Advertisement
YOU ARE HERE: LAT HomeCollectionsStrippers

Stage Review : Ann Corio Re-creates Old-time Burlesque

August 31, 1985|DAN SULLIVAN | Times Theater Critic

Before there was "Sugar Babies," there was "This Was Burlesque." Ann Corio's show has been around for 25 years, and it has not lost its rowdy appeal. It's good to have it back at (where else?) the Variety Arts Theater.

This is a much more authentic re-creation of an old-time burlesque show than "Sugar Babies" was. The latter was actually a vaudeville revue, with burlesque trappings. Miss Corio's show is the real thing, which is to say that it has strippers.

We are not supposed to approve of strippers in 1985, and I don't suppose that we do. Yet, Miss Corio's featured artists don't suggest victimized women, in the sense that Playboy models do. Quite the reverse. Each number presents the image of a woman very much in charge of the situation, a woman marching, so to speak, to her own drummer.

Each stripper has her gimmick, as recommended in "Gypsy." (Jennifer Fox's is that she used to be a man.) And each shows no more skin than she would at the beach. The ritual is the thing, and it is pursued as formally as a Kabuki routine, with the same opportunity for individual expression within the form. In this show, Miss Fox has the best beginning, Miss Janette Boyd the best middle and "Nicolle" the best finale.

But--as Justice Holmes said to his wife--one really goes to burlesque to see the comics. Some of the bits in this show must go back to Aristophanes, or at least to Lou Costello. The constant joke is the size of the comic's "equipment," an indication that burlesque's real subject is sexual anxiety, the male fear of not being able to perform. (Therefore, the stripper has to.)

At any rate, these primitive routines liberate some real belly laughs. For instance, there's the "School Daze" number, with schoolmarm Corio whacking her naughty-boy pupils (Josip Elic, Dexter Maitland) over the head every time they say something disreputable. This number showed up in "Sugar Babies," too, but it's funnier here--maybe because the performers don't try to tell us what a good time they're having. Corio and company just do the bit. Burlesque is tough .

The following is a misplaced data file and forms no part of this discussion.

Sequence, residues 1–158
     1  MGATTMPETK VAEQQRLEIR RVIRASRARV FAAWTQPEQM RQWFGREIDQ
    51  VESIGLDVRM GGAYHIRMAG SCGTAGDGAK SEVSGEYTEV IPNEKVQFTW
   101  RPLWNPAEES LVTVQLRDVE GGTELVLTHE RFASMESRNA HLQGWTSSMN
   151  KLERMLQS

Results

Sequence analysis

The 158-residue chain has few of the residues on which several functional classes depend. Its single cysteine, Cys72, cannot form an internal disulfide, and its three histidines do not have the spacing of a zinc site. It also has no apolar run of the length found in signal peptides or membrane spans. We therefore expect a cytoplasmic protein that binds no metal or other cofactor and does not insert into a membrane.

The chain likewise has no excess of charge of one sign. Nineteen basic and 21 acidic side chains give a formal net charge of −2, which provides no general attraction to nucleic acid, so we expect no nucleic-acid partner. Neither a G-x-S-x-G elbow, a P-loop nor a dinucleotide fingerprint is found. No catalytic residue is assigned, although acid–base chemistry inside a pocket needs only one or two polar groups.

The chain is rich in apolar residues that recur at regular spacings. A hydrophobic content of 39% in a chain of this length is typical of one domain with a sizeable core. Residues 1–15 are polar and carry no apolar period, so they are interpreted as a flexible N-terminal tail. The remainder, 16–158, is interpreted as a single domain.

Earlier, there's a Charlie Chaplin sketch that recalls some of Charlie's slyer feats-of-cane. (Charlie Naples is the performer.) Best of all, there's "The Transformer," set in that classic burlesque locale, the doctor's office.

The premise: The doctor (Maitland) has invented an electrical machine that can transfer a patient's disease via electrodes to a dummy. Somehow poor Jimmy Matthews ends up playing the dummy. The first patient who comes into the office has a stammer; so Jimmy gets the stammer. The second patient has the hives; so Jimmy gets the hives. The third patient . . . but you have the idea.

Also on the bill is everybody's favorite tap dancer, Gene Bell. (Don't applaud his train imitation until he tells you to.) There's also a chorus line, suggesting the Rockettes after the first week of basic training. And naturally there is Miss Corio, the show's housemother. After all these years, she still sounds as if she's reading lines. I call that endearing.

Burlesque itself is not especially endearing. This leads to this show's big problem. It is one act too long. After intermission the ribaldry starts to wear thin. One begins to see the essential shamefacedness of the form, which could only have come to flower in a puritan country. One begins to see it as a rite where each sex derides the other in fairly hostile fashion. Rather than celebrate sex, burlesque often projects an enormous resentment of it.

Here, too, Miss Corio's show provides a more honest experience than "Sugar Babies," which pretended that burlesque was just good clean fun. Still, the viewer who is not preparing a thesis in sexual anthropology might do well to end his evening early, with a drink upstairs in the Variety Arts lounge.

'ANN CORIO IN THIS WAS BURLESQUE'

A burlesque show at the Variety Arts Theatre. Choreographed and staged by Bob Street. Musical director Bruce Kirle. Costumes K.W. Shek. Technical director Sue Krogsdale. Settings John Shrum and Associates. With Ann Corio, Josip Elic, Charlie Naples, Dexter Maitland, Frank Vohs, Jimmy Matthews, Dennis Heath, Jannette Boyd, Gene Bell, Nicole, Jennifer Fox and the Burley Cuties. Plays Tuesdays-Fridays at 8 p.m., Saturdays at 6:30 and 9:30, Sundays at 2:30 and 7:30. Closes Oct. 20. Tickets $15-$19.50. 940 S. Figueroa St. 213-488-1456.

Advertisement
Los Angeles Times Articles
|
|
|